I can refer to where the Lord had to slay every soul of the Israelites that went out of Egypt, except Caleb and Joshua. He slew them by the hands of their enemies, by the plague, and by the sword, why? Because He loved them, and promised Abraham that He would save them. And He could save them upon no other principle, for they had forfeited their right to the land of Canaan by transgressing the law of God, and they could not have atoned for the sin if they had lived. But if they were slain, the Lord could bring them up in the resurrection, and give them the land of Canaan, and He could not do it on any other principle.
I could refer you to plenty of instances where men have been righteously slain in order to atone for their sins. I have seen scores and hundreds of people for whom there would have been a chance (in the last resurrection there will be), if their lives had been taken and their blood spilled on the ground as a smoking incense to the Almighty. I have known a great many men who have left this Church for whom there is no chance whatever for exaltation, but if their blood had been spilled, it would have been better for them. The wickedness and ignorance of the nations forbid this principle’s being in full force, but the time will come when the law of God will be in full force.ignorance of the nations forbid this principle’s being in full force, but the time will come when the law of God will be in full force.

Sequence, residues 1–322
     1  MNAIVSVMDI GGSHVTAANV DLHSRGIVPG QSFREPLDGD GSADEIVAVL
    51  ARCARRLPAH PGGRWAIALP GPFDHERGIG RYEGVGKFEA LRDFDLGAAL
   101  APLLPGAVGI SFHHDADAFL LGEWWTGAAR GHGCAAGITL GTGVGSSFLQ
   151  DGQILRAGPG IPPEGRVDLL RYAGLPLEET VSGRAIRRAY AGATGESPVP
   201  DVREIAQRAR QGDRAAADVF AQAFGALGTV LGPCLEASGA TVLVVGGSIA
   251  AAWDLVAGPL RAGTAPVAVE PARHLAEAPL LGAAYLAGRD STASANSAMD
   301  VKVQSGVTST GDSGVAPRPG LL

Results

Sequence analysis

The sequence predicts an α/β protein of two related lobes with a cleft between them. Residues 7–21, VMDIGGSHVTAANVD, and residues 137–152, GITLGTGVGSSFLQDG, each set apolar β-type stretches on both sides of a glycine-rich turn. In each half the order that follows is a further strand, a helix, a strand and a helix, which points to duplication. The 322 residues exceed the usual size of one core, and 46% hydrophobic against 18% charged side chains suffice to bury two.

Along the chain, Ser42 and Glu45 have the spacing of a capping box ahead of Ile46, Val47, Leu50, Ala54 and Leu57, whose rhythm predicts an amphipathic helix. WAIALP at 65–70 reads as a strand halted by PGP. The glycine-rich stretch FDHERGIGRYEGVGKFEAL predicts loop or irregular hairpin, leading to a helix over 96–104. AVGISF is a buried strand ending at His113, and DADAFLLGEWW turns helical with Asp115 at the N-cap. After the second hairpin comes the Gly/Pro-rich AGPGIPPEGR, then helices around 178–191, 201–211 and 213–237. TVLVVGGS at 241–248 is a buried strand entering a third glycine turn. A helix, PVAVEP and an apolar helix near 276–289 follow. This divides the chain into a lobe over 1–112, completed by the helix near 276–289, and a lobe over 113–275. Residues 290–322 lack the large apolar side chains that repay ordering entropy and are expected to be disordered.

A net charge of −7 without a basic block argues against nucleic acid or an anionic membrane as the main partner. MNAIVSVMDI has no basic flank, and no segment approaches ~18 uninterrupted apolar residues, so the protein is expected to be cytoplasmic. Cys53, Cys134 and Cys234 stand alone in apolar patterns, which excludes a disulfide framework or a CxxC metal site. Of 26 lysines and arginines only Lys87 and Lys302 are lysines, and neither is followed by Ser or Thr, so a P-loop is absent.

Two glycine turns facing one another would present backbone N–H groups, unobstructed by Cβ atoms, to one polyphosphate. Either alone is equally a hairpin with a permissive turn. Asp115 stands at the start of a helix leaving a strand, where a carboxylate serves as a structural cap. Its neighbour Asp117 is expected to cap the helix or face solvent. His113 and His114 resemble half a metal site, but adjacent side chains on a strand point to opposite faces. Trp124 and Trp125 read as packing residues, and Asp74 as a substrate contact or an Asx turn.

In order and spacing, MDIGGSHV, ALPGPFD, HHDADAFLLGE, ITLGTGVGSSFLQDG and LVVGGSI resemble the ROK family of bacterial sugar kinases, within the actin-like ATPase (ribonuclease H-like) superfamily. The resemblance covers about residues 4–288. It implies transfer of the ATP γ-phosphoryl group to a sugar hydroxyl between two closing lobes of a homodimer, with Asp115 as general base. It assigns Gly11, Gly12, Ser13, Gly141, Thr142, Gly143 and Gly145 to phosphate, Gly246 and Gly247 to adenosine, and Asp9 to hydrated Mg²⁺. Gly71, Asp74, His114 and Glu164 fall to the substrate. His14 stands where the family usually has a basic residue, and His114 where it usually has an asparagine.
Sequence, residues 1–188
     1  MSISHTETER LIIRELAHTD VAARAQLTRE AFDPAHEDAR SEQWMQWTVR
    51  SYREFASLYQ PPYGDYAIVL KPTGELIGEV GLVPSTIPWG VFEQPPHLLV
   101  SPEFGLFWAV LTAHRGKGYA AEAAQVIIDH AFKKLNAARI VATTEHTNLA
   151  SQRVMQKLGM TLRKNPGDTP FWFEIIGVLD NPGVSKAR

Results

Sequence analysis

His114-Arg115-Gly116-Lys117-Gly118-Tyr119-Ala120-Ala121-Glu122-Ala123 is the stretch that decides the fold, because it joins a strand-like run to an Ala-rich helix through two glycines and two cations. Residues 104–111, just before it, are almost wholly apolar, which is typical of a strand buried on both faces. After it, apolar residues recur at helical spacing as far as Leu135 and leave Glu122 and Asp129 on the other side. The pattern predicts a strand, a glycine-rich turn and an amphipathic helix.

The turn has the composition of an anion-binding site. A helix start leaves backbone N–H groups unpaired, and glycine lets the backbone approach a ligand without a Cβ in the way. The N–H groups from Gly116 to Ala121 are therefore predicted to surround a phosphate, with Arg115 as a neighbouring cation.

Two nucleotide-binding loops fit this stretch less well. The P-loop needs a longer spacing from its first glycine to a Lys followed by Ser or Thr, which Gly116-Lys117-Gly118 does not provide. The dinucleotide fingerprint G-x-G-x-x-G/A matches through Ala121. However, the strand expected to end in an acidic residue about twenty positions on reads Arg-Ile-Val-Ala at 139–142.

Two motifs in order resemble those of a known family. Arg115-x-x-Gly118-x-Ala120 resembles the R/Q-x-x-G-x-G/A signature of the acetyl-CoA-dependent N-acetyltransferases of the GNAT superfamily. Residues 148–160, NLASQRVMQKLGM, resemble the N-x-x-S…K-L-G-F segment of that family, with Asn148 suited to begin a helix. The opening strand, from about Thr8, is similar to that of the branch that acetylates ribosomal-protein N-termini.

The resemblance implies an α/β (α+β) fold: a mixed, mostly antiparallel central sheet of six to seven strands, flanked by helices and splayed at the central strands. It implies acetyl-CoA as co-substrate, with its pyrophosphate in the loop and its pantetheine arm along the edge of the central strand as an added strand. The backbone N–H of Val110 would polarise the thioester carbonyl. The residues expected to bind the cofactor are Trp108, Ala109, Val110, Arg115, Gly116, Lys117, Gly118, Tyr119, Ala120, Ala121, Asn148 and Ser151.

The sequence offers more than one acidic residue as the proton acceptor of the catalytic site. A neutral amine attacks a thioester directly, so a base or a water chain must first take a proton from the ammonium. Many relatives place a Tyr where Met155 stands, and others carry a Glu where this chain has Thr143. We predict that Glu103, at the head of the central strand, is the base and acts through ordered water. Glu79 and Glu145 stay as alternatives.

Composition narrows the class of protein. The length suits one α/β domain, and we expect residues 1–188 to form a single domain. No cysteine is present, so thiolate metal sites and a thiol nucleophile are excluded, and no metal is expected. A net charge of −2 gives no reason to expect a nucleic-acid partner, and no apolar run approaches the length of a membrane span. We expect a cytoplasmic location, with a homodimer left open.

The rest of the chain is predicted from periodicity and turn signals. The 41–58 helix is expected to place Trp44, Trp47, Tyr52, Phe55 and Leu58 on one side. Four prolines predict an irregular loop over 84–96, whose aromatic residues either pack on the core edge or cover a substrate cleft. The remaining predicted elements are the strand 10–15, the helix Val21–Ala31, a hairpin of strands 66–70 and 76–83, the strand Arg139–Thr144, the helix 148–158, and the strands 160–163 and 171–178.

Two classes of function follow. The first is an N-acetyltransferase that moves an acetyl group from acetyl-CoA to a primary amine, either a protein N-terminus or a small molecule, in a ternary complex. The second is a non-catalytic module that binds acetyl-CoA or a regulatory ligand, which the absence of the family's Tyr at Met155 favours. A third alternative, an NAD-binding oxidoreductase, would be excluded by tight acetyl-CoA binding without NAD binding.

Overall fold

This is loving our neighbors as ourselves. If he needs help, help him; and if he wants salvation and it is necessary to spill his blood on the earth in order that he may be saved, spill it. . . . That is the way to love mankind.